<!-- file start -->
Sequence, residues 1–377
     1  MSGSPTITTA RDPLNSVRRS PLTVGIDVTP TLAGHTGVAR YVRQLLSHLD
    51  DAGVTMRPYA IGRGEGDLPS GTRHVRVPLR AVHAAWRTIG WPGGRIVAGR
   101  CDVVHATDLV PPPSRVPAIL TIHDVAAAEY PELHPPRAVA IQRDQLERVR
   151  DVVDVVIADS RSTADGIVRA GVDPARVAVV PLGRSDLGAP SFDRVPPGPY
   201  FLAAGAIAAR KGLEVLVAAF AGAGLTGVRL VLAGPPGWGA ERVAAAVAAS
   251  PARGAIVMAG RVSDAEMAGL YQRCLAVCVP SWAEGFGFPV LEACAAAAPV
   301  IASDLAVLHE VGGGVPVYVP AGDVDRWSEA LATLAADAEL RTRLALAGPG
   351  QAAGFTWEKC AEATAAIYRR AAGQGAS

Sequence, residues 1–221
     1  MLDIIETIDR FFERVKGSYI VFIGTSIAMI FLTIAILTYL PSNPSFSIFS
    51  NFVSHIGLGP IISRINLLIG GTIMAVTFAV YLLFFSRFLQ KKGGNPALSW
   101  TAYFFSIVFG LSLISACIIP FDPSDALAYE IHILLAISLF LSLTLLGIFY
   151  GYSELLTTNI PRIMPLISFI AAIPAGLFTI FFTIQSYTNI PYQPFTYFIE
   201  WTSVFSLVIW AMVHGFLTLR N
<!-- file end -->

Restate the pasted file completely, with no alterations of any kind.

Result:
Sequence, residues 1–377
     1  MSGSPTITTA RDPLNSVRRS PLTVGIDVTP TLAGHTGVAR YVRQLLSHLD
    51  DAGVTMRPYA IGRGEGDLPS GTRHVRVPLR AVHAAWRTIG WPGGRIVAGR
   101  CDVVHATDLV PPPSRVPAIL TIHDVAAAEY PELHPPRAVA IQRDQLERVR
   151  DVVDVVIADS RSTADGIVRA GVDPARVAVV PLGRSDLGAP SFDRVPPGPY
   201  FLAAGAIAAR KGLEVLVAAF AGAGLTGVRL VLAGPPGWGA ERVAAAVAAS
   251  PARGAIVMAG RVSDAEMAGL YQRCLAVCVP SWAEGFGFPV LEACAAAAPV
   301  IASDLAVLHE VGGGVPVYVP AGDVDRWSEA LATLAADAEL RTRLALAGPG
   351  QAAGFTWEKC AEATAAIYRR AAGQGAS

Sequence, residues 1–221
     1  MLDIIETIDR FFERVKGSYI VFIGTSIAMI FLTIAILTYL PSNPSFSIFS
    51  NFVSHIGLGP IISRINLLIG GTIMAVTFAV YLLFFSRFLQ KKGGNPALSW
   101  TAYFFSIVFG LSLISACIIP FDPSDALAYE IHILLAISLF LSLTLLGIFY
   151  GYSELLTTNI PRIMPLISFI AAIPAGLFTI FFTIQSYTNI PYQPFTYFIE
   201  WTSVFSLVIW AMVHGFLTLR N